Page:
The long term objective of this research is to study how information about head tilt and head rotation is processed by the vestibular peripheral end organs. It has become clear that the biomechanics of the cupula--endolymph and otoconial systems as well as the physiology of hair cells, synaptic processes and primary afferent terminals contribute to the signal processing that occurs in the end organs. In the past, investigators have monitored these contributions by studying responses of vestibular primary afferents during physiological and non- physiological stimulation. In this proposed research, we wish to focus our efforts on the hair cells of the semicircular canals and the utricle. In particular, we wish to study isolated solitary type I and type II hair cells from the adult pigeon's vestibular neuroepithelium and try to understand the role played by hair cells in the transduction process and in the transfer of information through the different neural elements of the vestibular neuroepithelium. We have develop procedures for identifying type I and type II hair cells that have been dissociated from the neuroepithelium. We have begun to study the currents and potentials in type I and type II hair cells form the cristae of the semicircular canals using whole cell patch clamp techniques. We wish to extend these studies and 1) characterize more fully the active and passive membrane properties of semicircular canal type I hair cells, 2) compare and contrast, in semicircular canal type I and type II hair cells, the mechanoelectric transduction (met) curents and the transfer function that relates stereociliary deflection and membrane potential, 3) compare and conrast the filtering properties of the basolateral membrane and semicircular canal type I and type II hair cells, and 4) study type I and type II hair cells from the utricle and compare their responses with those of hair cells from the semicircular canals. Finally, we wish to know if met currents, basolateral membrane currents and membrane filtering properties are different in different regions of the utricular maculae and semicircular canal cristae. The information obtained from studies meet the specific aims of this proposal may help us better understand certain phenomena related to inner ear pathology that involvew the hair cells such as ototoxicity, hydrops etc.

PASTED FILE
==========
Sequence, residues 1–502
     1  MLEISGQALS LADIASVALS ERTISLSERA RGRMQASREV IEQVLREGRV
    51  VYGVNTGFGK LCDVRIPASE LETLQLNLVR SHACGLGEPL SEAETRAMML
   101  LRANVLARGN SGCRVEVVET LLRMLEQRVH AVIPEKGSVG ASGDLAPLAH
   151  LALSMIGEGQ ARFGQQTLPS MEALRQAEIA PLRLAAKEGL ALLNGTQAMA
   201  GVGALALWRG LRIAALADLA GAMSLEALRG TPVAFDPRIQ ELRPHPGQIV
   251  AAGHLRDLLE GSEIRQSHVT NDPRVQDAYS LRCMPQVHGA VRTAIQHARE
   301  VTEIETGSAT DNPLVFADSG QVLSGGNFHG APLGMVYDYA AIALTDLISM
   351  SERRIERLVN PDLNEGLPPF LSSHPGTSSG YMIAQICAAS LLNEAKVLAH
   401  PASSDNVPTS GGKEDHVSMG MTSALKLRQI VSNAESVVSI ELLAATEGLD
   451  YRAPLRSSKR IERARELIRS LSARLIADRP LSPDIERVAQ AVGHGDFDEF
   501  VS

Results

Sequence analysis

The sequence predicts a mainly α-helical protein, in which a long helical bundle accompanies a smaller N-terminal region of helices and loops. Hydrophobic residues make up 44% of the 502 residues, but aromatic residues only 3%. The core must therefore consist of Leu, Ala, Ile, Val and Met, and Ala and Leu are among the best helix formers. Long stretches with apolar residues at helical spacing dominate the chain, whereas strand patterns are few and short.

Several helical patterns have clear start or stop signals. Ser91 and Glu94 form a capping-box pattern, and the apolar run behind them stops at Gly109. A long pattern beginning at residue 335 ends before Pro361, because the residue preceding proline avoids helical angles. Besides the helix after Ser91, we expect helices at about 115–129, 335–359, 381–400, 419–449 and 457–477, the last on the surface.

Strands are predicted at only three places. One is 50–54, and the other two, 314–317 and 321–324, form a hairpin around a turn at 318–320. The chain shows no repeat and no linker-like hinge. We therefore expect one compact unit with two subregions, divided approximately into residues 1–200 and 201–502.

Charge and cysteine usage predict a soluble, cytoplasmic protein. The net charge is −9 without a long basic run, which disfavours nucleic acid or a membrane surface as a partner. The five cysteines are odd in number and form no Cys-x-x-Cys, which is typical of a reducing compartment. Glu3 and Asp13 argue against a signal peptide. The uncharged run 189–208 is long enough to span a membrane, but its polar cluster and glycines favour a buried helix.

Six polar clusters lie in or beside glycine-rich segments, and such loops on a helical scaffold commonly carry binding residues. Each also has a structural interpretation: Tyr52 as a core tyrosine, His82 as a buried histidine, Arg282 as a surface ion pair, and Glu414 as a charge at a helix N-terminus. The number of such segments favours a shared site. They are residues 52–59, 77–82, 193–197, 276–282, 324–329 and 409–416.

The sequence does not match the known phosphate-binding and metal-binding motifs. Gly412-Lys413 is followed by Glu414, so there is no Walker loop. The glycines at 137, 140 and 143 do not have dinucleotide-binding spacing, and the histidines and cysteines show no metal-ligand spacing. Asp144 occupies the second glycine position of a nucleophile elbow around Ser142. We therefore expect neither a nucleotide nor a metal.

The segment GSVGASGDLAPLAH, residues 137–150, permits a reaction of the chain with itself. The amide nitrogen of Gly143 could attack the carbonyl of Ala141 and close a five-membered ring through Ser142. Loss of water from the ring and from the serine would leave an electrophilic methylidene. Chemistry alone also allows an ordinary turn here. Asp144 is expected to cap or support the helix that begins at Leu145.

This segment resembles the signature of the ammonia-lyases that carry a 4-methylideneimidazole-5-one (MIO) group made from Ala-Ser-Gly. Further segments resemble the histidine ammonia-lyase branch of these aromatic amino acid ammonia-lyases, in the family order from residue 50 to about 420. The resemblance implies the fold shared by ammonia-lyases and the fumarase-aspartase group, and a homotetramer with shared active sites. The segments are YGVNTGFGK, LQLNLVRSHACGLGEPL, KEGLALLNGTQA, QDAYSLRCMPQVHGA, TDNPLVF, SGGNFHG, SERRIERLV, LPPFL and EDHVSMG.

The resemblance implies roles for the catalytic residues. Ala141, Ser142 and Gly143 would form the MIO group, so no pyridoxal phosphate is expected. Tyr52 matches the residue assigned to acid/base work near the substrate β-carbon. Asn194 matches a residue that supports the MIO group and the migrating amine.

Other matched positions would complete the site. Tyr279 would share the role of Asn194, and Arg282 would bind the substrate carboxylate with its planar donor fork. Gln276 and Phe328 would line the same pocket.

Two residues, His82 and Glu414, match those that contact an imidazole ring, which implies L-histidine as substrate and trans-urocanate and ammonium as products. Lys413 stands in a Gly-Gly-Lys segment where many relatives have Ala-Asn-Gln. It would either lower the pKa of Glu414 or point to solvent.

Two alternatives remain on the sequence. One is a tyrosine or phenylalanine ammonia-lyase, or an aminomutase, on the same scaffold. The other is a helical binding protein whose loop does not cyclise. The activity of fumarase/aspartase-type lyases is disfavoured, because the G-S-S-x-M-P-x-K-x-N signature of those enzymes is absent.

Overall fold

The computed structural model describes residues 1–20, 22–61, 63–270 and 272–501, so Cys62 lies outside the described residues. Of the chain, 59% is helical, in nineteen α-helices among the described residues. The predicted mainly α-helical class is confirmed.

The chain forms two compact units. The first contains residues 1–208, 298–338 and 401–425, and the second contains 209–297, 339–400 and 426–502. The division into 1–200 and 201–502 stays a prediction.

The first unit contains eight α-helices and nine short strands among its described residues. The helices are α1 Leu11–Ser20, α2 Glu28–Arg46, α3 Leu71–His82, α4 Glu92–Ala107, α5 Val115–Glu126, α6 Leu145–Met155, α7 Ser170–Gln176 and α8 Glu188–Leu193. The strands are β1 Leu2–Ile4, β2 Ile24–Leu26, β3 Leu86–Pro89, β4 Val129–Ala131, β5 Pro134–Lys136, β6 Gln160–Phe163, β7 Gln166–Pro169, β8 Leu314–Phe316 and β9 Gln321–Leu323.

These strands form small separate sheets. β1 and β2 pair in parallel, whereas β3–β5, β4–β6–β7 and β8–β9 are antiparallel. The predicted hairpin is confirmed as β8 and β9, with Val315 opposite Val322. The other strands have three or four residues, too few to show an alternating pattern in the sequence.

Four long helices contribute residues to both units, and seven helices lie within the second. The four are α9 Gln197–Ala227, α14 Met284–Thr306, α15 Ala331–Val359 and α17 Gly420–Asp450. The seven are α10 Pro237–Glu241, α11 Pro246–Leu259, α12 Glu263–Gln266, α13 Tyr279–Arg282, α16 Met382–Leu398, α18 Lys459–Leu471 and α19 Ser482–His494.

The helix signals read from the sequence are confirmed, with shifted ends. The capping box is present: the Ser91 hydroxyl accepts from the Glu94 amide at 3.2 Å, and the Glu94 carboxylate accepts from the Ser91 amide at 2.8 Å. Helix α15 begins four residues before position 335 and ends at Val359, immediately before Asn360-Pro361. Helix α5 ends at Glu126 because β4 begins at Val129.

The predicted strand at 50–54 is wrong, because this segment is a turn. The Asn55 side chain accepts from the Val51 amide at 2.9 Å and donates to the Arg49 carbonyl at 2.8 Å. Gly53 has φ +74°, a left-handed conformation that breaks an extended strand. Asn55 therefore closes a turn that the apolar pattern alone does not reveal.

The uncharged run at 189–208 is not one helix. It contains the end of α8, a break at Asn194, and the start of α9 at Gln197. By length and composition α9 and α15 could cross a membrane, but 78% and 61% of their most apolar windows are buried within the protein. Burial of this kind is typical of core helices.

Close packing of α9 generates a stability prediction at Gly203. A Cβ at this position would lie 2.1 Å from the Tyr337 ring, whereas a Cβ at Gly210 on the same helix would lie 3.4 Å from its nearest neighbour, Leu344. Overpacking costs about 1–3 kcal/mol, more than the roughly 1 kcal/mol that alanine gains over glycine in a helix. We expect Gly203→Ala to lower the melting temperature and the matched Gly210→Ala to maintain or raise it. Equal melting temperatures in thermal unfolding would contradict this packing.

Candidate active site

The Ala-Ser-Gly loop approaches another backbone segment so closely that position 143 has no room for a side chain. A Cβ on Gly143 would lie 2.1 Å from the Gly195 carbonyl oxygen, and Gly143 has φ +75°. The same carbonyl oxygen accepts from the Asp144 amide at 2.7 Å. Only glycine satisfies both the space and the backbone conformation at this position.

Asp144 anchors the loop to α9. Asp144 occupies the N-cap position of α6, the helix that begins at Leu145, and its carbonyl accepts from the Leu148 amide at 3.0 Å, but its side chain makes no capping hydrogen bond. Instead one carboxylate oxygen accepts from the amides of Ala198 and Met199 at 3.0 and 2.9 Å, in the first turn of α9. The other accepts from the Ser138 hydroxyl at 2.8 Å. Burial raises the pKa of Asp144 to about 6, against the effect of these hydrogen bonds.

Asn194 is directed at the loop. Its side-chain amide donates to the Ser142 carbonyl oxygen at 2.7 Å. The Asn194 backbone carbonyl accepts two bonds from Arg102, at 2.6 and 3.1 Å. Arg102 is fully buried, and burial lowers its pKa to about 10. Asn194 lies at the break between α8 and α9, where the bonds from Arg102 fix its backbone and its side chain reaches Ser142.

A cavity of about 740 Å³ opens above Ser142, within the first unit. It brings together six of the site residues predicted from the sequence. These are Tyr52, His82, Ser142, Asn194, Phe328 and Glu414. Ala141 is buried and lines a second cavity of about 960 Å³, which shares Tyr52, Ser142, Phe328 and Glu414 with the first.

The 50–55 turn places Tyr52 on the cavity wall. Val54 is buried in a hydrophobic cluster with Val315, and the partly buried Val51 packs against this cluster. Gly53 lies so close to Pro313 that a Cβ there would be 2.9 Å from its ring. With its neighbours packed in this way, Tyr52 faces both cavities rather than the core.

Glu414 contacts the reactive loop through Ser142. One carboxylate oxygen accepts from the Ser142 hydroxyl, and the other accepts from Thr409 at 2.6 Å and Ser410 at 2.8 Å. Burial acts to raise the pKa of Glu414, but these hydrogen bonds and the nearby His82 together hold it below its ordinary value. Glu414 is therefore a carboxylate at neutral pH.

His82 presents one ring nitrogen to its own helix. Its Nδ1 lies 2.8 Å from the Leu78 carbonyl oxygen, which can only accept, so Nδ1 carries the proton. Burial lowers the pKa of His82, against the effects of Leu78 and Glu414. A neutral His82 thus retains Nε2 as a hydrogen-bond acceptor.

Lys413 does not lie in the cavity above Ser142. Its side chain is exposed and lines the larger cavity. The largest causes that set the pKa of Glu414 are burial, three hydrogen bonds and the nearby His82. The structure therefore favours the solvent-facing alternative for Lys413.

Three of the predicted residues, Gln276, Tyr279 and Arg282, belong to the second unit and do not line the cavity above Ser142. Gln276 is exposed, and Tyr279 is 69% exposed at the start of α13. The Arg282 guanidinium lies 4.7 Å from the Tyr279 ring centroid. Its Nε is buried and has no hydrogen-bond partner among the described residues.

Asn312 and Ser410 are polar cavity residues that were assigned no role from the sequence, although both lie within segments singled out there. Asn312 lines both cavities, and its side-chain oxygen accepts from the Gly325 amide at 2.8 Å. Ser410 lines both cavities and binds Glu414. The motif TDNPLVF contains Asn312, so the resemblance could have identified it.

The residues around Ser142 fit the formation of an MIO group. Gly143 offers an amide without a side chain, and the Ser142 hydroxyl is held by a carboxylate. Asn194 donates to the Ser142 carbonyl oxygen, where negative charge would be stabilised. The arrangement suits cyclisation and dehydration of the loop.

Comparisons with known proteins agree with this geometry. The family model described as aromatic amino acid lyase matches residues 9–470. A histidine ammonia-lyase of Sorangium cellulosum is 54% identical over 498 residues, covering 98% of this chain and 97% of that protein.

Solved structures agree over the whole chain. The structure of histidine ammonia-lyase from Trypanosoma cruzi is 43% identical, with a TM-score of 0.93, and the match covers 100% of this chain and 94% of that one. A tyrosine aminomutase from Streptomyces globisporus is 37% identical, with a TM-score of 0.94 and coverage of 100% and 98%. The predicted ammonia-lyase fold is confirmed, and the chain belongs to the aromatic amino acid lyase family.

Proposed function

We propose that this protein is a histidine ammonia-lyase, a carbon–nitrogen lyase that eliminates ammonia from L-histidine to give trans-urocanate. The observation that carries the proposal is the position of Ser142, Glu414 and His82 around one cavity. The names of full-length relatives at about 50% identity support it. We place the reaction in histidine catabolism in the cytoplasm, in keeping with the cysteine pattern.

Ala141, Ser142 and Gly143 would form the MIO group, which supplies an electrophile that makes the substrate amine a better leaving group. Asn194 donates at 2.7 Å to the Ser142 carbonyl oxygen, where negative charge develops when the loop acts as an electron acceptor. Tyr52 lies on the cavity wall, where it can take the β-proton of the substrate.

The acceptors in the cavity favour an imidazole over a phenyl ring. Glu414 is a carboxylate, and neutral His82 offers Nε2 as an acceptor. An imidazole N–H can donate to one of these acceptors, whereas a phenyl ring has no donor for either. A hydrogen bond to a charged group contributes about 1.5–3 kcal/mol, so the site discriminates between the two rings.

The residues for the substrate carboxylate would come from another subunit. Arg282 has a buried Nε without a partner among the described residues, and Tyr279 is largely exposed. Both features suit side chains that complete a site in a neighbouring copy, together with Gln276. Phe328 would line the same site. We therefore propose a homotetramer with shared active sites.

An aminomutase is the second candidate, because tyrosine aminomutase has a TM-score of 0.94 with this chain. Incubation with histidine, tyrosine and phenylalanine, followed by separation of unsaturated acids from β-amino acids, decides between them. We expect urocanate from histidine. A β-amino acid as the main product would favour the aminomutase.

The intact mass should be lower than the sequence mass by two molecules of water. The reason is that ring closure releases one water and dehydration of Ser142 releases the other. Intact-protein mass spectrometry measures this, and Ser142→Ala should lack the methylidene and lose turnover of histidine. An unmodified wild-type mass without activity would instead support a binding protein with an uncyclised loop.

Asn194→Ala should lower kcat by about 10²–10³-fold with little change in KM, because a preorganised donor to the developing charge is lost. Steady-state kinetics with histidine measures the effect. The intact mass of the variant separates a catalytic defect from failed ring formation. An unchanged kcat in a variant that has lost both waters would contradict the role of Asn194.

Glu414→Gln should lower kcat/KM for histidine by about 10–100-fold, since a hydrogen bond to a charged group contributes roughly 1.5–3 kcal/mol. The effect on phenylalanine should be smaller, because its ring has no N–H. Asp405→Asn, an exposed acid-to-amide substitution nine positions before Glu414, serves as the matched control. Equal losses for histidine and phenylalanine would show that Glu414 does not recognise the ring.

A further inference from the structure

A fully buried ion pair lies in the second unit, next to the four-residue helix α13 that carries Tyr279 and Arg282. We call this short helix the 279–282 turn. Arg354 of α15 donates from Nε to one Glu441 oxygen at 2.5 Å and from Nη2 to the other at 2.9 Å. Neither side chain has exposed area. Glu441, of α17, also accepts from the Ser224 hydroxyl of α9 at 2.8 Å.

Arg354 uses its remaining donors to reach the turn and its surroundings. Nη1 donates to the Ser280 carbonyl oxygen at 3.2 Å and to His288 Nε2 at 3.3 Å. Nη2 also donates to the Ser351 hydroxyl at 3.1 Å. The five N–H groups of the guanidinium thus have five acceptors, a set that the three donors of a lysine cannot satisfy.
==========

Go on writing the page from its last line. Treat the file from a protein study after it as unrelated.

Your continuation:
National Institute of Health (NIH)
National Institute on Deafness and Other Communication Disorders (NIDCD)
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Hearing Research Study Section (HAR)
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University of Texas Medical Br Galveston
Schools of Medicine
United States
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